Intel Core i7-3960X Review
Anyone who has a passing interest in gaming knows that this years game version comes with next years date upon it. Either that or EA Sports are capable of coding in the future. But with Intel, if it's the year 2011, then it must be time to take a look at the LGA2011 we've all be waiting for. Even if the 2011 connection is merely coincidental.
Intel always work on a Tick Tock system, wherein the Tock is a major hardware revision, and the Tick is a refinement of that, normally a die shrink. Today we're looking at the Tick in the cycle, but changes are such it doesn't easily fit into either category. Sit tight, this will get technical.
To bring you swiftly up to speed, in November 2007 Intel released the first 45nm architecture, the Tick, which was the Core 2 revision. A year later we saw a huge shift in processor capabilities with the Tock of Nehalem, the original 45nm Core-i7s and also the LGA1156 i7-870, i5-760 etc. This was refined with the Tick of the Westmere die-shrink down to 32nm which we saw as both the LGA1366 i7-970, i7-980 and i7-990. The next Tock we saw was Sandy Bridge which introduced the LGA1155 socket and 32nm i7-2600Ks and the like.
That is now adjusted with a the Tick we're looking at today which, on previous form, should be a die-shrink, but it's retaining the 32nm process. It isn't retaining the LGA1155 socket either, rather introducing the LGA2011 socket. It's not even a successor to the current i7-2600K's. What it actually is is moving the high end X58 Hex-Core i7s from the Westmere range (990X etc) onto the Sandy Bridge line, here labelled the Sandy Bridge E and adding Quad Channel memory support.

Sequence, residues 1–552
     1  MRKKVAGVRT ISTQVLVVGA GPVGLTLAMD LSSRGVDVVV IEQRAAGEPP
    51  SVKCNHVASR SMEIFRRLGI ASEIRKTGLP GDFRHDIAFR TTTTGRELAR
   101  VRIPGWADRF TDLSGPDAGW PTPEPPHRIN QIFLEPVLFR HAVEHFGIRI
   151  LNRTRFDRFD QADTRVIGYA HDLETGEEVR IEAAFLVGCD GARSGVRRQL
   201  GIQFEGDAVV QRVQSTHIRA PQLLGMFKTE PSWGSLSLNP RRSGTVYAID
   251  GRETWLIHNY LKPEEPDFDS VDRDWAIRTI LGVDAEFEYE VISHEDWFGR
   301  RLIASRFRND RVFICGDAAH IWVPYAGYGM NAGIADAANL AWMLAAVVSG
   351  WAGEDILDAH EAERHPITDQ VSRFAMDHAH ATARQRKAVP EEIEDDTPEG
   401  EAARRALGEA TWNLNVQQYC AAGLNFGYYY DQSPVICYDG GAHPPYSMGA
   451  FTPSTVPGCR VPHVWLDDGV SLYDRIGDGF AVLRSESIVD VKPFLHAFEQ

Every new socket release comes with a new chipset, and the LGA2011 has the X79 chipset to keep it company, with USB 2.0 only (USB 3.0 comes via the usual NEC Chip), two SATA 6Gbp/s sockets on the chipset, and support for PCI Express 3.0. Because of this we're testing the Core i7-3860X CPU on the latest Intel DX79SI motherboard so we've got a lot to cover. 3.3GHz of Hexcore hyper-threaded goodness coming right up.
We'll try and keep it all as clear as possible. Let's start with the CPU.